Tsibi Geva has been selected for this year’s Israeli Pavilion at the 56th Venice Biennale. The artist will present a site-specific art installation, ‘Archeology of the Present’. The 63-year-old artist lives and works in Tel Aviv and has shown in major exhibitions worldwide during an extensive career, including Kunsthaus Zürich; Orangerie Herrenhausen, Hannover; the Institute of Contemporary Art, Boston; and MACRO Testaccio, Rome.
The artist has also been the recipient of multiple awards, including the Sandberg Prize from the Israel Museum, Jerusalem; the Pundick Prize from the Tel Aviv Museum of Art; and a Lifetime Achievement Award from the Israeli Ministry of Culture. Geva uses found elements related to the home, such as terrazzo tiles, windows, shutters, lattices, and cement blocks, while the exhibit will juxtapose paintings with sculptural installations.
“The parts of the house are very broken somehow — it is falling apart,” he told Artinfo’s blog. “In terms of the different mediums, I look at it as one big project, as one polyphonic way of presenting objects.”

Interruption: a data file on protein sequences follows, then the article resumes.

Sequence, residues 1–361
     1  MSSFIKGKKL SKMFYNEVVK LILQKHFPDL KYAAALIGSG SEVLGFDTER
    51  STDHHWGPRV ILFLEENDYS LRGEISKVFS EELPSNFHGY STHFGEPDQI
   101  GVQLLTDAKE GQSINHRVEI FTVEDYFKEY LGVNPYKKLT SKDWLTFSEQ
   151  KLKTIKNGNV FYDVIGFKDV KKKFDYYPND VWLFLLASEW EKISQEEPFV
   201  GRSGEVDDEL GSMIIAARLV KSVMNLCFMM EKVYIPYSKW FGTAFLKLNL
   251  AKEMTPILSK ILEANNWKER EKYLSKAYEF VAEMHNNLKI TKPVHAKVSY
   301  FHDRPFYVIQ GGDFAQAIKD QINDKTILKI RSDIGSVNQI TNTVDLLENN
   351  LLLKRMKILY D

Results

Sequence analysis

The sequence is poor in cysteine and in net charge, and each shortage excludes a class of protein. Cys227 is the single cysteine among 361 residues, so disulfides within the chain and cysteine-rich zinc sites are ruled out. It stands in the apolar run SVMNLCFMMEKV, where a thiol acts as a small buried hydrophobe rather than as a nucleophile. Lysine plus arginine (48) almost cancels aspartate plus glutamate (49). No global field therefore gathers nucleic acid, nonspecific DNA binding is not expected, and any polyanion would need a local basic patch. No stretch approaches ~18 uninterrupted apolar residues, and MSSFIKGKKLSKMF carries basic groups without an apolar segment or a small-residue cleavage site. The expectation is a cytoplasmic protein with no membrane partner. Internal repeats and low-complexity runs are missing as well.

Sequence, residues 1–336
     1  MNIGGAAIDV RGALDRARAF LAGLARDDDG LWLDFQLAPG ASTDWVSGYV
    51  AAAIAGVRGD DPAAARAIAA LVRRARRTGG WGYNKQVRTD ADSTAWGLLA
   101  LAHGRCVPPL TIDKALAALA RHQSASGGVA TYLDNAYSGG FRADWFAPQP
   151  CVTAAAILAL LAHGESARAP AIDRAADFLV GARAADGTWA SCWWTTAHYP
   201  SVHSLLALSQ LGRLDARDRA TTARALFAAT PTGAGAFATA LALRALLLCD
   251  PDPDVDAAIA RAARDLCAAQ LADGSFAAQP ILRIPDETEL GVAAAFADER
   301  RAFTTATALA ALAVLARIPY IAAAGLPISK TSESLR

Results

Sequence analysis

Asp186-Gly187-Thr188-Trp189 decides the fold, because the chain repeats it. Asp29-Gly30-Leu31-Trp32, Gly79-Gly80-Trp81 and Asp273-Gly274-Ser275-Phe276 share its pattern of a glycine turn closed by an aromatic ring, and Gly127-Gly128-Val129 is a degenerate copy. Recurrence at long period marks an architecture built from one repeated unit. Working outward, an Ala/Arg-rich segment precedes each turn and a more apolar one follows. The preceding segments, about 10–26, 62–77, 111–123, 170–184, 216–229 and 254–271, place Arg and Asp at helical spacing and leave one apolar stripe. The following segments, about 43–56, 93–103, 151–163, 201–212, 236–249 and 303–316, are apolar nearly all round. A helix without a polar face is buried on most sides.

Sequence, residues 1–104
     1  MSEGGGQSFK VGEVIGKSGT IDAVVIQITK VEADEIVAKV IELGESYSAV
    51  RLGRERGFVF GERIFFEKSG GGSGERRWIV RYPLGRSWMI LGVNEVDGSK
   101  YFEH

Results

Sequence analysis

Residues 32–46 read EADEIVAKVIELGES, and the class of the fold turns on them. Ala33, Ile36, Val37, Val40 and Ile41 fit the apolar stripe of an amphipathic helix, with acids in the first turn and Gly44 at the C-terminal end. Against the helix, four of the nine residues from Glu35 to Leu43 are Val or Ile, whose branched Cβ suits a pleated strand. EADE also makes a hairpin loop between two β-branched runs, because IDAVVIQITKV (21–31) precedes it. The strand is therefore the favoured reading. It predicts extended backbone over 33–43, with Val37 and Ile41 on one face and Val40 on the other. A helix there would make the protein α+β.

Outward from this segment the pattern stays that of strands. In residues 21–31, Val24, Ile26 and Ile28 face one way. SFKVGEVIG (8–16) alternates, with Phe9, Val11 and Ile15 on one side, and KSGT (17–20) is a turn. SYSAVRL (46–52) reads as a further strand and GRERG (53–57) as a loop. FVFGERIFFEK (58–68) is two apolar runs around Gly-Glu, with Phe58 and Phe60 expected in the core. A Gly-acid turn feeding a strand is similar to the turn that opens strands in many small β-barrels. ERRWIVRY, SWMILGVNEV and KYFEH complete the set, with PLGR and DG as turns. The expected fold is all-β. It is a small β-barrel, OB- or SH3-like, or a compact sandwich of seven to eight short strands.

The artist was born on Kibbutz Ein Shemer, and states that his work is in part inspired by his father, an architect who built some 300 minimalist, post-Bauhaus buildings across Israel.
“Somehow, I found myself, maybe unconsciously, dealing with parts of the house or, let’s say, the Israeli home,” continued Geva.
His father was the first Jew to design an mosque in Israel, the artist added. He recalls accompanying his father to the Arabic villages, where his work was commissioned. “This dialogue as well as conflict we have here in Israel — somehow I think I bring it to my art,” he concluded.
“The physical layout will create sharp transitions between experiences of blockage, discomfort, and spatial ambiguity and between intimate, poetic moments, so that fragility and crudeness, lyricism and violence, are inextricably intertwined,” added Hadas Maor, curator of the country’s Pavilion.
The press release continues regarding the artist’s work, stating that the installation will address “Political and cultural questions of locality and immigration, hybrid identity, existential anxiety and existence in an age of instability.” Maor promises that Geva’s installation will engage “issues of the stratified structure of identity,” a recurring theme of the artist’s work.